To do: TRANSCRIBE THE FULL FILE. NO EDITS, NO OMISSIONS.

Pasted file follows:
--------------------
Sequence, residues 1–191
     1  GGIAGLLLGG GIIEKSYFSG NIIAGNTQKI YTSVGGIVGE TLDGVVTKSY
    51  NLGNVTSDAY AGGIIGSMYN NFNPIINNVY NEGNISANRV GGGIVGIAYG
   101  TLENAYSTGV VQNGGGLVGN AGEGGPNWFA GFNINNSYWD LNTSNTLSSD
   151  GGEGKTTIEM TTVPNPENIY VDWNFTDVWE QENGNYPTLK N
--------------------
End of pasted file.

Sequence, residues 1–191
     1  GGIAGLLLGG GIIEKSYFSG NIIAGNTQKI YTSVGGIVGE TLDGVVTKSY
    51  NLGNVTSDAY AGGIIGSMYN NFNPIINNVY NEGNISANRV GGGIVGIAYG
   101  TLENAYSTGV VQNGGGLVGN AGEGGPNWFA GFNINNSYWD LNTSNTLSSD
   151  GGEGKTTIEM TTVPNPENIY VDWNFTDVWE QENGNYPTLK N